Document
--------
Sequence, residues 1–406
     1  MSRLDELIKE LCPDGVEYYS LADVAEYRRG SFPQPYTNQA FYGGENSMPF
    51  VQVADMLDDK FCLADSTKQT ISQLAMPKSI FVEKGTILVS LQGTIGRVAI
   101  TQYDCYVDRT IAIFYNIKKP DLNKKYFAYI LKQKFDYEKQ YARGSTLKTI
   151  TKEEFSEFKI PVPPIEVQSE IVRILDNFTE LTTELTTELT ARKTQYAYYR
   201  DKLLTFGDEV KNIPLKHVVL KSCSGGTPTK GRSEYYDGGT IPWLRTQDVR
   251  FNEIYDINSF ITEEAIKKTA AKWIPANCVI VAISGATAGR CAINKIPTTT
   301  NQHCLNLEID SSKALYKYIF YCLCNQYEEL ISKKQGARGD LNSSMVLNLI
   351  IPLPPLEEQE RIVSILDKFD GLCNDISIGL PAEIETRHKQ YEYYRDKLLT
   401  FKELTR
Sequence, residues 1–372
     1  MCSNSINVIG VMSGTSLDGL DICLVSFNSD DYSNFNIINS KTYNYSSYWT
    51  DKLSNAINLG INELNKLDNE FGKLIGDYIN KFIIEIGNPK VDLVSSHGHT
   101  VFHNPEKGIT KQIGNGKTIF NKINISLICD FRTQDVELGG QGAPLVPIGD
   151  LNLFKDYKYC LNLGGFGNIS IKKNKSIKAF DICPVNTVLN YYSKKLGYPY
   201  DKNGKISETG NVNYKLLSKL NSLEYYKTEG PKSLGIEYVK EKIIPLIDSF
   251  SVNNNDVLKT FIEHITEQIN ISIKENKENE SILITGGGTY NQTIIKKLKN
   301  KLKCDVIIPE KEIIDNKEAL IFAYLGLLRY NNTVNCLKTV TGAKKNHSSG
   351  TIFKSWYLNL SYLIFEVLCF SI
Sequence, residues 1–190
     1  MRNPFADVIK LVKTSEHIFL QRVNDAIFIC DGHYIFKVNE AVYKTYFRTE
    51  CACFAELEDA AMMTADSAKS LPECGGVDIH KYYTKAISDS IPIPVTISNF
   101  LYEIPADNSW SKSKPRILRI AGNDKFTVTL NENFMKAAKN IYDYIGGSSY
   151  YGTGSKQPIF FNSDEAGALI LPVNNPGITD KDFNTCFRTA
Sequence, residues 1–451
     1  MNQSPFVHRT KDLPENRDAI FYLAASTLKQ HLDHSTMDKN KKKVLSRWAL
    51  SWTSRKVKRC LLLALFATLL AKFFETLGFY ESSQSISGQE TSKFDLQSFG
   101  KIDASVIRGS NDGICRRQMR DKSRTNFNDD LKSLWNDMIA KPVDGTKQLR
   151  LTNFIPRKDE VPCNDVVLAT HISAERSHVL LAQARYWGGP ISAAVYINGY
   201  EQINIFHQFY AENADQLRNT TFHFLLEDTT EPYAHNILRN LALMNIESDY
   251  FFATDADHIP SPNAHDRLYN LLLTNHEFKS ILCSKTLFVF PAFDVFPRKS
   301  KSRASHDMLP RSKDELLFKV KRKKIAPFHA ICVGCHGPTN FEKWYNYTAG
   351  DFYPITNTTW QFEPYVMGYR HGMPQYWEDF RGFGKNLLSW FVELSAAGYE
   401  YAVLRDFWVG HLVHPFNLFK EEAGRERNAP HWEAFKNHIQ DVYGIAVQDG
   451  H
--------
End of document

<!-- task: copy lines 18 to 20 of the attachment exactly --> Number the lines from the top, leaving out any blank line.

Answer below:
   301  KLKCDVIIPE KEIIDNKEAL IFAYLGLLRY NNTVNCLKTV TGAKKNHSSG
   351  TIFKSWYLNL SYLIFEVLCF SI
Sequence, residues 1–190